Are we living in the future that Kraftwerk once imagined?
It's become something of a cliché to say so, now that the German pioneers of electronic music have been inducted into the art-world canon thanks to an eight-date engagement at the Museum of Modern Art that wraps up Tuesday.
But what do we really mean when we say that Kraftwerk predicted our present?
Certainly, today's music owes a debt to the music Kraftwerk -- and Kraftwerk alone -- was making back in the 1970s and early '80s. It's compulsory to mention that hip-hop founding father Afrika Bambaataa sampled Kraftwerk in his early track "Planet Rock," but Kraftwerk's influence can be heard everywhere from Coachella's Sahara tent, where the festival's biggest house and dubstep DJ's perform, to Top 40 radio, where Rihanna, Nicki Minaj and Katy Perry can be heard crooning over synthetic bloops and blips.
(I can remember hearing Fatboy Slim's subtly sampled "Praise You" not long after it came out -- sometime in 1998 -- and thinking, "My God, everything has changed. No one will ever settle for music made without digital trickery again." Of course, I was wrong -- but not entirely. And even though that was 14 years ago, it was also almost a quarter century after Kraftwerk released its groundbreaking album, Autobahn.)
Kraftwerk's Rolf Hütter is too smart to claim credit for inventing electronic music. "We're the antenna catching information, the transmitter giving information, back and forth," he told The New York Times in a recent interview. But Kraftwerk gets credit for being first. At a time when music's biggest names were rocking arenas, igniting disco infernos, hopping the soul train or leaving the lite on, Hütter and his bandmates (he's the only original member left) were trying to sound like computers.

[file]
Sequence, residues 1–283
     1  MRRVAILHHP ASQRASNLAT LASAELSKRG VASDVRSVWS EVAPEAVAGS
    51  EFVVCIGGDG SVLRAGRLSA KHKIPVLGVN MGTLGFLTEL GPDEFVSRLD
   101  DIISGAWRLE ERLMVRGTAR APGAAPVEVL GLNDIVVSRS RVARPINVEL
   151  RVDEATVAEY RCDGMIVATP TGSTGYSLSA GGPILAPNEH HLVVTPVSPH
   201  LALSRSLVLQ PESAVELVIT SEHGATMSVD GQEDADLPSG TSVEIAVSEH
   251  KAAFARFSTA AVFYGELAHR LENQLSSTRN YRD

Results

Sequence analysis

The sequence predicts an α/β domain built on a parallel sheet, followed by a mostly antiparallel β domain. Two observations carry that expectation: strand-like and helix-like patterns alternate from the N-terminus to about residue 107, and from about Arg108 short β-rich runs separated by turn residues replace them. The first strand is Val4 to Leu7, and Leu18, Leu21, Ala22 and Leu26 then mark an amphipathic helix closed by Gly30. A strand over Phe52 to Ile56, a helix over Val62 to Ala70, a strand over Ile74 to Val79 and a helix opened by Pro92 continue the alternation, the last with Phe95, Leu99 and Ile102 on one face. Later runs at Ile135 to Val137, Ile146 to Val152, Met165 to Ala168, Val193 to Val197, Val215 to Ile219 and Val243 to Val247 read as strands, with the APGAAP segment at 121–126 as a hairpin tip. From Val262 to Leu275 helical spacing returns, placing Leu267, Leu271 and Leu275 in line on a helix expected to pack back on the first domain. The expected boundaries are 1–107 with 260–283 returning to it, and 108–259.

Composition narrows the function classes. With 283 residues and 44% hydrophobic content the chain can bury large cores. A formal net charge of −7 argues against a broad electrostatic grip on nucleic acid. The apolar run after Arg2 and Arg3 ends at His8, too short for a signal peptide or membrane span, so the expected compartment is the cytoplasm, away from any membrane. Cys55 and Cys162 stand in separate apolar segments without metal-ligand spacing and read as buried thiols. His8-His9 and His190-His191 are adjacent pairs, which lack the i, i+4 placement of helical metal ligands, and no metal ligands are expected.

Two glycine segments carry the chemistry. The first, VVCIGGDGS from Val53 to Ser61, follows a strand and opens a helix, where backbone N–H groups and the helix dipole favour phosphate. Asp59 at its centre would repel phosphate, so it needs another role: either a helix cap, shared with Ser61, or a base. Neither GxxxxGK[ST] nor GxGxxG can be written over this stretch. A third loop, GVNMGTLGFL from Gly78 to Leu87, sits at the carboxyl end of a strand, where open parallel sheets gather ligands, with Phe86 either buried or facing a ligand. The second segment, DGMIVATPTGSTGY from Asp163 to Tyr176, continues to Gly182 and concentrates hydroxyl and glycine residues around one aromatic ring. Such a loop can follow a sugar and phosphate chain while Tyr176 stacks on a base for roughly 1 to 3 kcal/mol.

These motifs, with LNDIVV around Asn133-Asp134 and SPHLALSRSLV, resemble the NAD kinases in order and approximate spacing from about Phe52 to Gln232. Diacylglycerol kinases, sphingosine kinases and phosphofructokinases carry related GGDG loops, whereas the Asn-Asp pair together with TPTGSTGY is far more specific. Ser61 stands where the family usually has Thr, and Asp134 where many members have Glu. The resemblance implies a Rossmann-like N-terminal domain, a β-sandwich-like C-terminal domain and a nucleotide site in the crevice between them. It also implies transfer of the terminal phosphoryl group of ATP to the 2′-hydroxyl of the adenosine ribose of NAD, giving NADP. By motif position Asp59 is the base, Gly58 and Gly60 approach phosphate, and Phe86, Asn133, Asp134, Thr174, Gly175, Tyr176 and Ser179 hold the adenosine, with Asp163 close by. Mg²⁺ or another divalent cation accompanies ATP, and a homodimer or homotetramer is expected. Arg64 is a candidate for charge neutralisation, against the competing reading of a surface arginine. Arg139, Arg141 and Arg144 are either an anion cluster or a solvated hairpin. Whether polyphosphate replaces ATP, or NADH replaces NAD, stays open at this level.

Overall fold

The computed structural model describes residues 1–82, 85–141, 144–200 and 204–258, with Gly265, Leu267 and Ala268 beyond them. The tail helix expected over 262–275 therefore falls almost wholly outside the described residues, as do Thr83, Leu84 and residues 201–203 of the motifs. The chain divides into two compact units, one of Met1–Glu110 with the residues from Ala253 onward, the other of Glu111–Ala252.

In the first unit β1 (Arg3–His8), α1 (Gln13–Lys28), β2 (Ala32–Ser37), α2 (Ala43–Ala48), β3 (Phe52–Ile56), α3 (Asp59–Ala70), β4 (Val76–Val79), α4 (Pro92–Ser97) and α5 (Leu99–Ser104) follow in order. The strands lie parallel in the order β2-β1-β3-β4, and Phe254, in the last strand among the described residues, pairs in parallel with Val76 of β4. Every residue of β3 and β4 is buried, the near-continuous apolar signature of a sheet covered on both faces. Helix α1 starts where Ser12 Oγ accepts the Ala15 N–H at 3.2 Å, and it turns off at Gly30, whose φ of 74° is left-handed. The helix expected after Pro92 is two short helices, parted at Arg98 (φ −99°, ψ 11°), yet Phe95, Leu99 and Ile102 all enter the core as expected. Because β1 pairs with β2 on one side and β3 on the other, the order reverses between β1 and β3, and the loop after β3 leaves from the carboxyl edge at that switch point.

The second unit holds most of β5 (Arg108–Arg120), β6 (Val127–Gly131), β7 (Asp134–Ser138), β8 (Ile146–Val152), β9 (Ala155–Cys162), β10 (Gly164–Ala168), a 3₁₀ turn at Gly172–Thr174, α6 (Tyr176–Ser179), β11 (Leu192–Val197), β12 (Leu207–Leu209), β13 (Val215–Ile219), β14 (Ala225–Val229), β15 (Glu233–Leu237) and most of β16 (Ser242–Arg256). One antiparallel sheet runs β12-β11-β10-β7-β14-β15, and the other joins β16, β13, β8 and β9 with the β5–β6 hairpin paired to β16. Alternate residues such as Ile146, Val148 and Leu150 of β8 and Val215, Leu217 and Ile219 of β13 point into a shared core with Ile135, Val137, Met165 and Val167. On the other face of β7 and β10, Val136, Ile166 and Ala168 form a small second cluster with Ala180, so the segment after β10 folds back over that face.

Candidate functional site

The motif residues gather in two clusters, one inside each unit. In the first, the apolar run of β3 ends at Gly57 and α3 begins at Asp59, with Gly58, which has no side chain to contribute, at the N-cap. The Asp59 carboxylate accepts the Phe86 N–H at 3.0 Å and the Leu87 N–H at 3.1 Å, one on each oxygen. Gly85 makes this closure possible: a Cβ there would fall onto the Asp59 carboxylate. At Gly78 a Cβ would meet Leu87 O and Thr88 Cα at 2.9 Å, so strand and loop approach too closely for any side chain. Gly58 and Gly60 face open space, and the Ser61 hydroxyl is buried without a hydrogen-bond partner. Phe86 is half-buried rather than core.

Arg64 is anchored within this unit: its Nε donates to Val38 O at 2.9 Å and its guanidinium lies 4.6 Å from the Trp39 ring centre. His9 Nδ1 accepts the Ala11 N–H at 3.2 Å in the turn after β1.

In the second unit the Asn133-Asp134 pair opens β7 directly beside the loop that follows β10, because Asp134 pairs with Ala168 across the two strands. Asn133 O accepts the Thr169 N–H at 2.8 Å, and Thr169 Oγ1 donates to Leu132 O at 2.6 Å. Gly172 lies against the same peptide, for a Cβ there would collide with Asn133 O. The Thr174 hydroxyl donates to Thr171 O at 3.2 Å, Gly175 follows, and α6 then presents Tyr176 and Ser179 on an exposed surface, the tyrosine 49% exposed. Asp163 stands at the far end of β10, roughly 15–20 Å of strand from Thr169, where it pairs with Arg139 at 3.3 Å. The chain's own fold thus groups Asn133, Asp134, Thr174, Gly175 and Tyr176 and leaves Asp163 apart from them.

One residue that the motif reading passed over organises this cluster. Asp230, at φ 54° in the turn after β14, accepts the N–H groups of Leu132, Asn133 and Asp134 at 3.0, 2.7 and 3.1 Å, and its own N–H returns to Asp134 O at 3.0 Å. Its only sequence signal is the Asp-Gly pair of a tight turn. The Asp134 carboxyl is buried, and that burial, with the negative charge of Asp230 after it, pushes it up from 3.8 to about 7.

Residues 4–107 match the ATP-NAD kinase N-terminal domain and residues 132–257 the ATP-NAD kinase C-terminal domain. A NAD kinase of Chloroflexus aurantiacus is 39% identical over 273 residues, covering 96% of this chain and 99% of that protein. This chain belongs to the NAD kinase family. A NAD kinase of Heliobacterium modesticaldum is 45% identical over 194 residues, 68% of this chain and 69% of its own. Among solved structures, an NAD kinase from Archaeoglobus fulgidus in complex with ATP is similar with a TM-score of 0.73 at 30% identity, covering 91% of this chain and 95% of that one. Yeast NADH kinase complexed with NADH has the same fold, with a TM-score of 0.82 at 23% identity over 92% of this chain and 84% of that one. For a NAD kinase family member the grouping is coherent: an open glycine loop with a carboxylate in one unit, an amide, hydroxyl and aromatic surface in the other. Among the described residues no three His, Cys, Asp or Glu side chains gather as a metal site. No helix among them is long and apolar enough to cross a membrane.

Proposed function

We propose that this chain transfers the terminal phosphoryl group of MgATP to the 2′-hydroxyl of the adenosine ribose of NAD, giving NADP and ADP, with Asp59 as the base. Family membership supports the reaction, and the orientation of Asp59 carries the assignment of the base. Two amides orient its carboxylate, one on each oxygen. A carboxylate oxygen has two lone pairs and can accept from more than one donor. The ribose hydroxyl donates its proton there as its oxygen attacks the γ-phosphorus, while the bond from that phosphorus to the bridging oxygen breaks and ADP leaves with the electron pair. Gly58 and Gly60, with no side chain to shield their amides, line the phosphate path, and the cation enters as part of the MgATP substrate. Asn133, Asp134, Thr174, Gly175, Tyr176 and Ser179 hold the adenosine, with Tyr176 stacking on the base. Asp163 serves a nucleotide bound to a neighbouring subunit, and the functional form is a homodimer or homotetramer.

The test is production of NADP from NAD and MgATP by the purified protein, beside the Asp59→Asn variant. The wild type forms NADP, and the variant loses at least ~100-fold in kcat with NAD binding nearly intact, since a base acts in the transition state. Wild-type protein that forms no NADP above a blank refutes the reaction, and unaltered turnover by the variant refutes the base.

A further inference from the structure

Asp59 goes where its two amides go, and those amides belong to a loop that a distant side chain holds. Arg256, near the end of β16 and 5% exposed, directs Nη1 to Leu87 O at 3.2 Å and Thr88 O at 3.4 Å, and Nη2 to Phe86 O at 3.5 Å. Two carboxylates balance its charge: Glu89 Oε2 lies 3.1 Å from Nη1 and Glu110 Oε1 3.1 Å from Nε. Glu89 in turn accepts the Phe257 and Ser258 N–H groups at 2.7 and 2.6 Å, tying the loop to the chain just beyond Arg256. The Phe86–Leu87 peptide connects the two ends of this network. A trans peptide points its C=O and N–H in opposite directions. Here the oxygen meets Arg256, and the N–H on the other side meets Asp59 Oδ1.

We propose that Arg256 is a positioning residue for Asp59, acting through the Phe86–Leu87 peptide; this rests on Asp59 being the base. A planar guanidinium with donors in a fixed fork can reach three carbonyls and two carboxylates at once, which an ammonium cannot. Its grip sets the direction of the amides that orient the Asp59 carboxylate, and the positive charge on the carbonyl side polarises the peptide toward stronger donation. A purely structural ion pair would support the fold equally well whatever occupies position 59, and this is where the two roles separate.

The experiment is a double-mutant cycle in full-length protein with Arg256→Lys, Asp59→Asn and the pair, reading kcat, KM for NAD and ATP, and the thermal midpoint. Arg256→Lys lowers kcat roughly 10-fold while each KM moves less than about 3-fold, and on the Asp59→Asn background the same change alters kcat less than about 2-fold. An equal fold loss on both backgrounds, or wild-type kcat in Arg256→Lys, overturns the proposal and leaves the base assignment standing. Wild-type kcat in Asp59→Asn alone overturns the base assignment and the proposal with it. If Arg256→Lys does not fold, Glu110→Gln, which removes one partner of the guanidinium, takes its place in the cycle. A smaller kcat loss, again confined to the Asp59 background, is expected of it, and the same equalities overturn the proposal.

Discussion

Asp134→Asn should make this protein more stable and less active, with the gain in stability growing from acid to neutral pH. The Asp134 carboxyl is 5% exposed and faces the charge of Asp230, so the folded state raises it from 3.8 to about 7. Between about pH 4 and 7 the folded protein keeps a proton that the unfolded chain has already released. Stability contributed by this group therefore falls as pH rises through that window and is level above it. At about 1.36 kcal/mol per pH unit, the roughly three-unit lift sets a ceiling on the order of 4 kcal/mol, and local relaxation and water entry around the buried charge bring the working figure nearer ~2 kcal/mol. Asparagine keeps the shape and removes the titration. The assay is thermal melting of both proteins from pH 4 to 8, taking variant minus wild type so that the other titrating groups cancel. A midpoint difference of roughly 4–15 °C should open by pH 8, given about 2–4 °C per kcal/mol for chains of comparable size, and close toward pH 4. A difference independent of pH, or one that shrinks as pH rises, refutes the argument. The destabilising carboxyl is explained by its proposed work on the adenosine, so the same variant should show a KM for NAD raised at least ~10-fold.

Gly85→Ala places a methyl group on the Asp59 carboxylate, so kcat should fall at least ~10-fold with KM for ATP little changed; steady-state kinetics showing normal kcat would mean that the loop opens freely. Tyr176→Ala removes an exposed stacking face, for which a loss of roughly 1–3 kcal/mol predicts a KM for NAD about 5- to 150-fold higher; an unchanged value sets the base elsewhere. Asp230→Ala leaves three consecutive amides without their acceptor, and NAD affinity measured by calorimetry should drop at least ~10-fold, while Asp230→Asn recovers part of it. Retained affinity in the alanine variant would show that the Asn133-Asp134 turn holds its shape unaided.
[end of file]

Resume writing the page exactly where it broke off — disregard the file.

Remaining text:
What made them do that?
For one thing, they needed a differentiator -- what used to be called gimmick. No one else was making pop music that sounded like it originated on a mainframe. But it's also true that, for Germans in the 1970s, looking forward was probably a lot more fun than looking back. If the past was defined by political catastrophe, and the present by tension and division, perhaps the future would be better. And if it wasn't going to be better -- was, in fact, going to be even worse -- who better to warn of the dangers than four Germans whose society had been through the fires of hell?
On their song "The Man-Machine," released in 1978, they left open both possibilities, describing the titular being as both "pseudo human being" and "super human being." In an age that encompasses the pettiness of Twitter fights and the promised magic of Google glasses, that sounds about right. In a recent TED speech, the sociologist Amber Case came out and said that "we are all cyborgs now." Hard to argue with that logic when so many of us are incapable of settling an argument -- or driving 5 miles -- without consulting a smart phone.
Even sex has increasingly become an act that happens not between two people but between one person and a computer. "Guys my age watch so much pornography," Lena Dunham, the 25-year-old creator of the new HBO series Girls, recently told The New York Times. And that steady diet of full-color fantasy is having complicated effects on real-life relationships -- ones we probably won't understand until they're just ... the way things are.
Watching Kraftwerk's mesmerizing presentation on Saturday night -- the four men performed, unsmiling, in front of a giant projection of 3D animations -- I had two, intertwined realizations. The first is that Kraftwerk was indeed right (as were, to be fair, plenty of other people): under the influence of technology, the human race is morphing into something new and strange. We're part of the way through now, but my guess is that the journey has just begun.
The second is that I'm not scared by this. In fact, I find it exciting. Sure, there are disturbing implications, most of which have been mapped out by science-fiction writers and professional doomsayers. But if the human brain is, ultimately, a very powerful computer, then we've always had a bit of a man-machine quality to us -- one that set us apart from our fellow grunting beasts on the savannah.
And if the choice is between testing the limits of what we can accomplish using digital technology and sitting around wishing things were like they used to be, I'll take the former any day of the week.
After all, just as Kraftwerk's once-radical style now sounds familiar and comforting, there's little doubt that the changes that throw us off balance right now will someday seem quaint and charming.
Or, to put it another way, today's Brave New World is tomorrow's good old days.
PHOTOS: Kraftwerk At MoMa:
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